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3 Tips for Calming Your Anxiety

3 tips for calming your anxiety - 3 Tips for Calming Your Anxiety

By Guest Blogger John Roche, therapist and coach, at Transformation Counselling

Anxiety sucks. It can weigh on you every moment of the day and rob you of your ability to enjoy anything. It can ruin relationships, sabotage performance and even lead to suicide. It’s also the issue people most frequently want to address with me in therapy. Over the years, I’ve learned that there are three essential steps that almost everyone who suffers from anxiety needs to take.


I know what you’re thinking: “I’ve been to counselling, and some jerk told me to do breathing exercises/yoga/meditation and expected my anxiety to disappear just like that.” I agree: that counsellor was a jerk. If it were that simple, you’d have figured it out by now and you’d be walking around in a state of Zen-like bliss.

Still, there’s truth to the idea that overcoming anxiety requires some concrete strategies for calming your nervous system. Physiologically speaking, high levels of anxiety tell us that your brain is kicking into fight or flight mode, and unless you’re actually in danger, that’s not very helpful. Meditation, deep breathing, mindfulness, yoga, drumming, dancing, walking and martial arts have all been proven to calm the nervous system. Caffeine and other stimulants, on the other hand, have been proven to be not so calming.


At the end of the day, a wonky nervous system is just a symptom, not a cause. The most common cause of anxiety isn’t brain chemistry; it’s people not being who they are. I know that sounds cheesy, but it’s true. Being yourself means knowing and living in accordance with your values, engaging in activities you enjoy, and naming and expressing your emotions (yes, even the less comfortable ones like sadness and anger). Not being yourself means sacrificing any or all of that in order to live up to someone else’s standards.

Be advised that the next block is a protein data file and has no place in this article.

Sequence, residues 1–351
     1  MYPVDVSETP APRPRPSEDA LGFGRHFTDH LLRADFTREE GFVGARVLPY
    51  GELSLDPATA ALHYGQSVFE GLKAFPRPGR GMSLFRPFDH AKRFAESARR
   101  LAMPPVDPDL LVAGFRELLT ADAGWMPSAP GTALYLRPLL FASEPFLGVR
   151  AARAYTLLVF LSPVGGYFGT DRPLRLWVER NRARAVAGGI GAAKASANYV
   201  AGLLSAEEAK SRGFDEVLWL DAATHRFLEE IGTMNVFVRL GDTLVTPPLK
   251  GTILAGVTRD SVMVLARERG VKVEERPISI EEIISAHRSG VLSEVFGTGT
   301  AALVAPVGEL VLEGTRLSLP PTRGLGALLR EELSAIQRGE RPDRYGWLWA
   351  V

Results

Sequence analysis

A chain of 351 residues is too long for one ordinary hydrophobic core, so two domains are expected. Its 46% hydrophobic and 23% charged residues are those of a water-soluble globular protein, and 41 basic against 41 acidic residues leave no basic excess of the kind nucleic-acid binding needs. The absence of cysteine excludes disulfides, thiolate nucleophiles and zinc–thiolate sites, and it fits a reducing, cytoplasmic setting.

Deep down we all have a sense of who we are and how we’re supposed to live. The problem is, most families, schools, religions and other institutions are unhealthy, and rather than helping us become who we are, they try to form us into who they want us to be. Sooner or later, we internalize these expectations and inflict them on ourselves. To the extent that there’s a gap between those expectations and who we really are, we feel anxious.


Being yourself is a hell of a lot easier said than done. All my anxious clients have been taught at some point, in some way, that being themselves is extremely dangerous. Sometimes it’s through overt abuse, like the father who beats his son for “talking back.” More often, it’s through subtler forms of abuse, like the religion that teaches homosexuality is sinful or the society that marginalizes women who refuse to be passive. Either way, most of us carry burdens from the past — and present — that prevent us from being ourselves. A good therapist can help you let go of those burdens.

If you’re ready to start addressing your anxiety, try following these three steps. Being authentic isn’t easy, but neither is living a life constrained by fear and worry.

(This article originally appeared in the September issue of The Community Edition.)

Michael Torreiter, ND, CFMP

Michael Torreiter, ND, CFMP

Naturopathic Doctor
Dr. Michael Torreiter is a Naturopathic Doctor at CARESPACE. He obtained his Doctor of Naturopathic Medicine designation at the Canadian College of Naturopathic Medicine in Toronto in 2005, worked at Healing Path for 13 years, and moved to CARESPACE in 2019. About half of Dr. Michael’s practice is focused on Precision Nutrition — a comprehensive weight management and lifestyle program that helps people lose weight, gain weight or just improve their diet. In addition, he treats a variety of conditions including digestive concerns, stress and anxiety, hormonal imbalance and men’s health. As well as being certified in Precision Nutrition, Dr. Michael has completed a Mind/Body Medicine Certification from Harvard Medical School and a certificate in Applied Mindfulness Meditation at the University of Toronto. He offers nutrition talks at the Running Room on a regular basis.